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Ontario sick-days deal softens blow to younger teachers

Liz Sandals speaks to the media following the swearing in of Kathleen Wynne as Ontario's first female premier, on Feb. 11, 2013. Ms. Sandals has been named the province’s Education Minister amid a protracted dispute between the provincial government and teachers.

Peter Power/The Globe and Mail

A tentative deal struck between the Ontario government and public school teachers promises a better payout for younger teachers who lost their banked sick days when the Ontario government imposed the terms of their contracts.

The deal would give teachers who have less than 10 years of classroom experience 25 cents on every dollar, rather than just 10 cents, for unused sick days that were wiped out under the terms of Bill 115. For teachers with nine years of experience who had banked most of their sick days, the change would mean a one-time payout this spring that could reach about $3,000, rather than $1,200.

Under previous contracts at some school boards, teachers could bank unused sick days for a cash payout of up to about $45,000 on retirement.

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Education Minister Liz Sandals said the cost of the payout would be covered by higher-than-projected savings generated by the contract terms imposed through Bill 115 this school year.

"It doesn't cost the taxpayer any more money than it cost before," she said. "We realized more savings than we anticipated and reallocated some of that money."

The tentative deal was reached with the Ontario Secondary School Teachers' Federation (OSSTF), but a clause in the existing contracts would ensure other unions would also be eligible for any term improvements.

Conservative education critic Lisa MacLeod raised concerns about the cost of the payout, which she estimated at as much as $63-million.

"This is especially disappointing given Ms. Wynne had assured both parents and MPPs that she would not reopen contracts and that 'there was no new money' for wage increases or enhanced benefits," she wrote in a letter to Ms. Sandals.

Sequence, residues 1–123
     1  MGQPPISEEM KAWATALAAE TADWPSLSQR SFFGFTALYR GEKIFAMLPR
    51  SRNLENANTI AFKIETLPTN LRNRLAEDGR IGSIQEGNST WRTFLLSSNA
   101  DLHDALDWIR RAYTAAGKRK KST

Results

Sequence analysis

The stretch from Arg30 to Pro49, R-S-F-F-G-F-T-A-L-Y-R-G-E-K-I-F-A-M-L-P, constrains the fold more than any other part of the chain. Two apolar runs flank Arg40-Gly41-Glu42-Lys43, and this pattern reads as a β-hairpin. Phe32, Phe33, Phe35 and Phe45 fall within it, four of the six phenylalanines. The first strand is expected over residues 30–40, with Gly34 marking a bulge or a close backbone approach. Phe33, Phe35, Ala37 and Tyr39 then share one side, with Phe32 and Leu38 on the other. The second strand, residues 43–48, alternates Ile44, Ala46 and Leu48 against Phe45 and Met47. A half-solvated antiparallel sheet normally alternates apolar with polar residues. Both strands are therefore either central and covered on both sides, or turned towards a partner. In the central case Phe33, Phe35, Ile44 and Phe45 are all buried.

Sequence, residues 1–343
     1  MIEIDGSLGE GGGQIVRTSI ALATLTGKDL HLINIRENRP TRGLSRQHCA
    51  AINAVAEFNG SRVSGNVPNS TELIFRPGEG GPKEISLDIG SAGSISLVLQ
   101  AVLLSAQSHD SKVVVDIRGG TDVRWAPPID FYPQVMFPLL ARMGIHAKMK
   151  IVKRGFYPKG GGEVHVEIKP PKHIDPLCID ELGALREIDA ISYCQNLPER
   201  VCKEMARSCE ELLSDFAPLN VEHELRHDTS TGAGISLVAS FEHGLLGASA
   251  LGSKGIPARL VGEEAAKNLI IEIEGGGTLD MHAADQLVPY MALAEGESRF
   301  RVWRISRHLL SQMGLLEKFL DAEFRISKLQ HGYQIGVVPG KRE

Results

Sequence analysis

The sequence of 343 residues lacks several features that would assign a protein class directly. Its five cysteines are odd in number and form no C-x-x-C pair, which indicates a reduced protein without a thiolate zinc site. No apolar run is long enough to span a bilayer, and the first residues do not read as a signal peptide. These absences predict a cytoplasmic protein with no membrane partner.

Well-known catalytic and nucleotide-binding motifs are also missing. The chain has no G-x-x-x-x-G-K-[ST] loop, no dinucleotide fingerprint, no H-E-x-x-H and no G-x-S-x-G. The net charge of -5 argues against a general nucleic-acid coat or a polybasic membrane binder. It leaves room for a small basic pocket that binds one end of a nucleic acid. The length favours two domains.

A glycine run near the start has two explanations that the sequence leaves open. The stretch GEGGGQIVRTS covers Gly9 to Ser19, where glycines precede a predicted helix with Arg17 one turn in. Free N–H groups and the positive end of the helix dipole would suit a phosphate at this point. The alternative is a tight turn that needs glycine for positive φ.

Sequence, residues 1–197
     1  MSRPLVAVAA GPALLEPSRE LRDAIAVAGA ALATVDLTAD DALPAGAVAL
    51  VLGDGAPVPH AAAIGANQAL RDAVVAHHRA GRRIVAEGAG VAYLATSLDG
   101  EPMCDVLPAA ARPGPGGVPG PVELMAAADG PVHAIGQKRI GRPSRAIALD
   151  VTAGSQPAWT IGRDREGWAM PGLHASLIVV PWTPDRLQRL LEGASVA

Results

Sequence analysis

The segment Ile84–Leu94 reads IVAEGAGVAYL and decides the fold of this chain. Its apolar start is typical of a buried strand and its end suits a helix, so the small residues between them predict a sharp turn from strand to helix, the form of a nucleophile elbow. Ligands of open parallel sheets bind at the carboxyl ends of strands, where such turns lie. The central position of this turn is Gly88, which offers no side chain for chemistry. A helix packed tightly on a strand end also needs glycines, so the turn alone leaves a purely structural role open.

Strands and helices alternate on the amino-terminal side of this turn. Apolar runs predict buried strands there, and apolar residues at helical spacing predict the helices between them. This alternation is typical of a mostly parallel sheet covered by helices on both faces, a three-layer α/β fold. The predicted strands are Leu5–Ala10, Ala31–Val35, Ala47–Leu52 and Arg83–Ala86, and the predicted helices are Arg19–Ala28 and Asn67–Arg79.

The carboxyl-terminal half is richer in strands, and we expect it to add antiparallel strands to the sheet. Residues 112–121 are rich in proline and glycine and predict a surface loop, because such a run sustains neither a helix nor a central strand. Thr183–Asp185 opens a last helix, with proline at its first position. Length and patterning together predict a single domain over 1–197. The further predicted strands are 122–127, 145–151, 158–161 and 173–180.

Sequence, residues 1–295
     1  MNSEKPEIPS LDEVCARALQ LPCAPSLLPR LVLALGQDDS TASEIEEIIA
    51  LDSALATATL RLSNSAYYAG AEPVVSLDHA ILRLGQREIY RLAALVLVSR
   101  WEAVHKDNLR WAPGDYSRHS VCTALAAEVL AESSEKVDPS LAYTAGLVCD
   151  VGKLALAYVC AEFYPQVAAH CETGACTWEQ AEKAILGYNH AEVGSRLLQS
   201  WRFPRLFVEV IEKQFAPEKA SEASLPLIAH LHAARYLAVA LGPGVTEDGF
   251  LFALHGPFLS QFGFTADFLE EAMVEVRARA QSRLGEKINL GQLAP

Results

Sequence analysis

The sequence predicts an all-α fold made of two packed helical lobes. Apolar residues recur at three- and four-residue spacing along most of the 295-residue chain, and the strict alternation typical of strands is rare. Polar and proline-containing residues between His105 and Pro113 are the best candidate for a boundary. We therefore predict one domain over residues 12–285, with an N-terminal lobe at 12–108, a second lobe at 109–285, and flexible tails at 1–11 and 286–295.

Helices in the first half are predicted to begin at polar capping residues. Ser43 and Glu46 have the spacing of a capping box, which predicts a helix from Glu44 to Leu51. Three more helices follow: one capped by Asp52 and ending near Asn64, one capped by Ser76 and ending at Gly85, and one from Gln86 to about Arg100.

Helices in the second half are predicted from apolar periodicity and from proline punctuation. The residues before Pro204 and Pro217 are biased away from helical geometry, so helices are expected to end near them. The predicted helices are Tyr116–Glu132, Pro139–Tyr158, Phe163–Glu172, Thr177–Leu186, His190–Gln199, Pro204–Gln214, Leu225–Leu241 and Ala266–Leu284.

The Ontario College of Teachers estimates that about 40,000 of the province's teachers have less than 10 years of experience and would be eligible for the payout. The increased cost would range from $0 to a maximum of about $1,800 per teacher, suggesting Ms. MacLeod's estimate is likely high.

Leaders from OSSTF will meet on Thursday to discuss the tentative deal.

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Pressure has been mounting on union leaders to reach an agreement as public sentiment turned against teachers and Ontario families considered moving their children to the Catholic and private school systems, where teachers' protests have not disrupted extra-curricular activities such as clubs and sports teams.

Both OSSTF and the Elementary Teachers' Federation of Ontario (ETFO) advised their members in recent weeks to resume leading extracurricular activities based on the progress made in their negotiations with Ontario's new leadership under Premier Kathleen Wynne.

Younger teachers were especially hard hit by the terms of Bill 115, which protected the sick days of only those with 10 years of classroom experience or more, while those with fewer than 10 years lost any of the unused sick days they had banked.

The tentative deal with OSSTF was reached over the weekend. Talks are ongoing with the union for elementary teachers. Union leaders last week advised members to restore extracurricular activities in time for the spring sports season, Grade 8 graduations and end-of-year field trips.

Teachers began political protests in September when the Liberal government introduced legislation that dictated the terms of their contracts. Teachers stopped voluntary activities such as leading clubs or sports teams and offering extra help after school.

The Ontario Liberals chose a new leader in January, and talks between both unions and the government resumed under the new Premier. Those talks have focused on protecting teachers' bargaining rights by revamping, and possibly legislating, the negotiations process.

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With a report from Adam Radwanski

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About the Authors
Education reporter

Kate Hammer started her journalism career in New York, chasing crime and breaking news for The New York Times. She came to the Globe and Mail in 2008 to do much of the same and ended up investigating allegations of animal cruelty and mismanagement at the Toronto Humane Society. More

Education Reporter

Caroline Alphonso is an education reporter for The Globe and Mail. More


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